Tuesday, October 29, 2013
(I'm going to leave it at that since the way the story is told and its structure as a series of retold tales, or as a retold tale, will probably be spoiled if I went into any further detail of the plot. Certainly the shock value of some of the images will be lost if you knew what was happening.)
It's clear why Showtime balked at showing this film when it first aired the Masters of Horror series. It is disturbing and horrifying in ways that most American films dare not be. It is a slowly building tale that begins with words and then slowly builds with inference and implication before becoming more and more graphic. It pushes buttons that for many people should not be pushed or even gotten near. The horror and terror we felt is almost divorced from the plot, arising out of director Takashi Miike's decision to show us what would, in most films, never be shown. They are for the most part a horror of a bleak life choice on the edge of hell. As a tale of visceral horror its an incredible achievement.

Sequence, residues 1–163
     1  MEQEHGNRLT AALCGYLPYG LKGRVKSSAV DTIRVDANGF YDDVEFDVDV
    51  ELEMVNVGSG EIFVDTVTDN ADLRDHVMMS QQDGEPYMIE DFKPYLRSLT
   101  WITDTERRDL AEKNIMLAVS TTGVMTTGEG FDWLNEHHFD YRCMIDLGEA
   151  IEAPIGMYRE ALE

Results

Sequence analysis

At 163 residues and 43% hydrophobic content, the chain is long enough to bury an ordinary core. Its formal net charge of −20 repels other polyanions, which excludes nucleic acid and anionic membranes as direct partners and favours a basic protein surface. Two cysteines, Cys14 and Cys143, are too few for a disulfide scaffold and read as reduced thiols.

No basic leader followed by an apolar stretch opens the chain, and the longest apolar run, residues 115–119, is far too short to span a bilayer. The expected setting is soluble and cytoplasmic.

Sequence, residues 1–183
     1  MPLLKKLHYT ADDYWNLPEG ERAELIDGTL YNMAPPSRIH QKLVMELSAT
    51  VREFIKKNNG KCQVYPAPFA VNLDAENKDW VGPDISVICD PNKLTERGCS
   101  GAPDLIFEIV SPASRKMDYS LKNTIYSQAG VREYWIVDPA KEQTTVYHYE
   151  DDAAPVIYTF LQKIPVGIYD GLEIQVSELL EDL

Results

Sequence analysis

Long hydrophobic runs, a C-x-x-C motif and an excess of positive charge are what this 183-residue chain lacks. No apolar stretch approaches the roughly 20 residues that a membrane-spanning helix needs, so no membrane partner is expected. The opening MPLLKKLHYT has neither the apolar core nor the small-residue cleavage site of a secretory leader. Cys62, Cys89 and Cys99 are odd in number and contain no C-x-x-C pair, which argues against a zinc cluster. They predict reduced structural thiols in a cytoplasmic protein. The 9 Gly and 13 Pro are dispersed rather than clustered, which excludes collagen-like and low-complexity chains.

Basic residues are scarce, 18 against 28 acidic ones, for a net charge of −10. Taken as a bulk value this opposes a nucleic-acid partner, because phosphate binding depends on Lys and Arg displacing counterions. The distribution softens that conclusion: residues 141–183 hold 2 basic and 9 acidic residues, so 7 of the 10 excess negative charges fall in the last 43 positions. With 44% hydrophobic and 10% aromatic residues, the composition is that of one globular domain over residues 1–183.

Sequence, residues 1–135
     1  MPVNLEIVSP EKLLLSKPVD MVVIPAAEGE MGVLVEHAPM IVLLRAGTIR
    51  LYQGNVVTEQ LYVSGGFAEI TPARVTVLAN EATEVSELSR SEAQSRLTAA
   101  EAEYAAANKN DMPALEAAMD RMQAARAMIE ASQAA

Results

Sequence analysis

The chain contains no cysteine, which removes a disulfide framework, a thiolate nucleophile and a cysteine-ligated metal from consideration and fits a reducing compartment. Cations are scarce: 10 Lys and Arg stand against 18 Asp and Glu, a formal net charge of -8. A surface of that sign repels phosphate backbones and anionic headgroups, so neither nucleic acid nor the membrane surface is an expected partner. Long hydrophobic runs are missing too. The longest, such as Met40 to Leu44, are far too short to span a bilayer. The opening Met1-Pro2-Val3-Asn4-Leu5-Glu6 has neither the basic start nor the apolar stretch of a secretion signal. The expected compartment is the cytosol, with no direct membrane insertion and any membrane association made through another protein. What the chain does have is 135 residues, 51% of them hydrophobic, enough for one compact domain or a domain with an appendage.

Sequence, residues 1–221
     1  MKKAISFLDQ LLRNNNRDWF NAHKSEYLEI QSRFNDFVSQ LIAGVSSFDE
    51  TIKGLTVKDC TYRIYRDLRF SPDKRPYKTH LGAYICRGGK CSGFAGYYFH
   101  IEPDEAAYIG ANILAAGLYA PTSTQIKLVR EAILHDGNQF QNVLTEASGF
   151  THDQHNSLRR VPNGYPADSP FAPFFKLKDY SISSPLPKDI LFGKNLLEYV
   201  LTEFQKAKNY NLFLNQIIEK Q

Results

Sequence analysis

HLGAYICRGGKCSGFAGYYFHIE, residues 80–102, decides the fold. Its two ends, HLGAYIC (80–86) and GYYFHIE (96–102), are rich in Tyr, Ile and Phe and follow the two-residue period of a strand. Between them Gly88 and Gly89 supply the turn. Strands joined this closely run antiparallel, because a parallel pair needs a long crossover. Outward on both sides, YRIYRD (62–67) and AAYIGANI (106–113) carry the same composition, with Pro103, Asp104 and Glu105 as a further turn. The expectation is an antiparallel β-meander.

The problem for me is that the film is very uneven. Once the stories begin to be told and retold and we get a sense of what exactly happened and is going on (more or less) the film begins to fragment and its internal logic begins to falter, the plotting doesn't have a great deal to show past a certain point so that the end seems to almost be an after thought, the denouncement is nothing special. And there is a nagging suspicion that with out the visuals there isn't much to the story.
Still I liked this a great deal, but I didn't love it. It is not for all people and anyone with a weak constitution need not bother viewing it. For fans of Takashi Miike its must see viewing. For everyone else its a personal choice.